MyGolfSpy Ball Lab is where we quantify the quality and consistency of the golf balls on the market to help you find the best ball for your money. Today, we’re taking a look at the 2021 Costco Kirkland Performance + V2. To learn more about our test process, how we define “bad” balls, check out our About MyGolfSpy Ball Lab page.

About the Kirkland Performance + V2

While the world awaits another four-piece Kirkland golf ball that will hopefully be the equal of the original, golfers still have the option of choosing Costco’s three-piece Performance + V2.

At less than $13 a dozen, it seems like a great deal but when we ran the original through Ball lab, we found that although the ball was cheap, it was of no value. Nearly a quarter of the sample had a significant concentricity issue and the diameter consistency easily qualified as poor.

In our recent robot test, we found that Costco’s ball doesn’t always hold its own against the premium balls on the market. The Performance + V2 is shorter than most due largely to its high spin properties and there are some question marks around its performance in the wind. Those details alone suggest it’s not a ball for everyone but for those it fits (or for those who are willing to sacrifice some performance for value), the question of quality lingers (or at least it should).

Is the Costco Kirkland Performance + V2 an improvement over the original? Here’s what we found.

Kirkland Performance + V2 — Compression

On our gauge, the Kirkland Performance + V2 measures 94 compression on average.  That’s up about four points over the previous model, placing it in the same general range as the Callaway Chrome Soft X and Vice Pro. In fact, it’s the firmest three-piece ball in our database.

Kirkland Performance + V2 — Diameter and Weight

A single ball in Kirkland Performance + V2 sample exceeded the USGA weight limit of 1.62 ounces. While that’s not good, it’s not uncommon for overweight DTC/factory balls to come in bunches so the fact that the issue was limited to a single ball is encouraging.

None in the sample failed to meet our standard of roundness, though it’s worth mentioning that, while it’s not as big as its predecessor, the Performance + V2 still qualifies as large by urethane ball standards.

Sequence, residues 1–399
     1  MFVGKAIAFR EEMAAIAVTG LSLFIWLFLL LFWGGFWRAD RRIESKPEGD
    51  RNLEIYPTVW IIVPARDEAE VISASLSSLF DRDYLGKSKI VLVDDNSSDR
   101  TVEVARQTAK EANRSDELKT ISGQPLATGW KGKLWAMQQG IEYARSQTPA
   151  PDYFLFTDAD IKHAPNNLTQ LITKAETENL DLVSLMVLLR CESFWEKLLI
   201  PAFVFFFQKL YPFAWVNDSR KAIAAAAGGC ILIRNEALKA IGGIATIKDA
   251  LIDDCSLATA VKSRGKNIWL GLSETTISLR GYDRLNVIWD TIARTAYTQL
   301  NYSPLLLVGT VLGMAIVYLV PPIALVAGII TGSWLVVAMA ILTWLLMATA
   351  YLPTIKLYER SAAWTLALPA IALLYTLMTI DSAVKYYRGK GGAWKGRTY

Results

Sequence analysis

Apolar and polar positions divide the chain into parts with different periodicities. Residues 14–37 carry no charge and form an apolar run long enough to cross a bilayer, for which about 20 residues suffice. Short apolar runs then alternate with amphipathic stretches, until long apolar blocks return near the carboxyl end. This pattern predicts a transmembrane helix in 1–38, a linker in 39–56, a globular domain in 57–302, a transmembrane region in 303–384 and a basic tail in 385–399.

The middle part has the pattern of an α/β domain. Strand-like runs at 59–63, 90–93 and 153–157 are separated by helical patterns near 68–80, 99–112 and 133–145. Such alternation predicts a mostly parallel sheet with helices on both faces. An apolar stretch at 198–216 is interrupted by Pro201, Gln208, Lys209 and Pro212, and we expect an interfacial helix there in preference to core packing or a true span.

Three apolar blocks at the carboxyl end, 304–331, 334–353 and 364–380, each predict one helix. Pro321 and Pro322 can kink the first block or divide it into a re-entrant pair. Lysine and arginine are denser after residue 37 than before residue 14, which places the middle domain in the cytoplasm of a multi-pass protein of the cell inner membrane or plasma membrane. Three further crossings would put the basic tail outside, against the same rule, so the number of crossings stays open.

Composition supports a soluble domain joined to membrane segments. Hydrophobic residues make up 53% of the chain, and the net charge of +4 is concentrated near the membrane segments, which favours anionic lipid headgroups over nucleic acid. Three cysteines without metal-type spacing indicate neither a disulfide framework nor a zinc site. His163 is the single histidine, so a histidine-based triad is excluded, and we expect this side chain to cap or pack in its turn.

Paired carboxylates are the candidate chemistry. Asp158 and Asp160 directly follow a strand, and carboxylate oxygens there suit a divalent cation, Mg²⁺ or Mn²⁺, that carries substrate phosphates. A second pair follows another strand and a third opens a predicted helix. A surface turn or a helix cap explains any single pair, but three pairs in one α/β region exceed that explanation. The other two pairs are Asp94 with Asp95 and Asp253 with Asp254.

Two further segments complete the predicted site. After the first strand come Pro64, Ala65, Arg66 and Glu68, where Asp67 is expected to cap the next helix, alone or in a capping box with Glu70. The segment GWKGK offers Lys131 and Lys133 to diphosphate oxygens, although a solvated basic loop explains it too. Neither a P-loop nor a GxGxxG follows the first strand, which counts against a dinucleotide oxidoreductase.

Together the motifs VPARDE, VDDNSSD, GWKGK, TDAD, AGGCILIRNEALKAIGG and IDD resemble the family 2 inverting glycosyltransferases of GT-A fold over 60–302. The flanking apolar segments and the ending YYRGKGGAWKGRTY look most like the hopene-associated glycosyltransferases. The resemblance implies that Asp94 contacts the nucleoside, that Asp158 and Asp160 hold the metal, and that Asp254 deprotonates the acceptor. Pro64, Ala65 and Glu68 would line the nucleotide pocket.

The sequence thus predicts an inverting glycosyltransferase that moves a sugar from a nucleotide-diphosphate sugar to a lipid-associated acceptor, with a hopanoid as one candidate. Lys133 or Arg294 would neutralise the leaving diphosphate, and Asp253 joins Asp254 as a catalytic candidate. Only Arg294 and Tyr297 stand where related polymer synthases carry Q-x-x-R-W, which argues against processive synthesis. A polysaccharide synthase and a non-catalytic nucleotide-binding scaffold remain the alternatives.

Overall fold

Kirkland Performance + V2 — Inspection

Centeredness and Concentricity

Unlike the previous Kirkland three-piece ball, layer concentricity was not a concern this time around. We only noted a few balls with minor concentricity defects but none was severe enough for us to flag the balls as bad.

Core Consistency

Core color was generally consistent. No miscellaneous debris, chunks, etc., were noted.

Cover

No significant cover defects were noted. However, we did observe some dimple irregularities that appear to be the result of the ball not exiting the mold perfectly cleanly.

Kirkland Performance + V2 — Consistency

In this section, we detail the consistency of the Kirkland Performance + V2. Our consistency metrics provide a measure of how similar the balls in our sample were to one another relative to all of the models we’ve tested to date.

a ball by ball consistency chart for the Kirkland Performance + V2

Weight Consistency

  • Weight consistency falls within the low end of the average range.
  • Weight in Box 3 was a bit less consistent overall.

Diameter Consistency

  • The Kirkland Performance + V2 is an exceptionally large golf ball (by urethane standards). As you can see, not every ball completely fits on our chart.
  • While large, size was generally consistent (average on our scale), with Box 3 trending slightly smaller
  • A large ball is typically a shorter ball so golfers seeking to maximize distance should rightfully be concerned about the larger diameter.

Compression Consistency

  • Compression consistency falls within our good range.
  • While there were a couple of noticeably firmer balls, the delta across the entire sample was only eight points.
  • The average compression delta (the compression range across the three points measured on each ball) was also generally good, with only a couple of balls showing a wider range.

True Price

True Price is how we quantify the quality of a golf ball. It's a projection of what you'd have to spend to ensure you get 12 good balls.

The True Price will always be equal to or greater than the retail price. The greater the difference between the retail price and the True Price, the more you should be concerned about the quality of the ball.

Kirkland Performance + V2 — Summary

To learn more about our test process, how we define “bad” balls and our True Price metric, check out our About MyGolfSpy Ball Lab page.

The biggest takeaway should be that the consistency of the Costco Kirkland Performance + V2 is significantly better than the original three-piece. From a quality standpoint, it’s an above-average ball. While that’s what we focus on in Ball Lab, I’d be remiss not to point out that the performance characteristics of this ball—notably mid-low launch and excessively high spin—solidly position it as a niche offering.

While nearly everyone loves a value, the overwhelming majority of golfers will be better served by a ball with less extreme performance characteristics.

The Good

  • Significantly improved quality
  • Above average compression consistency

The Bad

  • Oversized and excessively spinny

Final Grade

The Costo Kirkland Performance + V2 gets an overall grade of 84.

The True Price of the Kirkland Performance + V2 is $12.85. That’s a whopping 36 cents above retail which speaks to how ridiculously inexpensive it is.

Kirkland Performance + V2

Kirkland Performance + V2

Costco

$24.99

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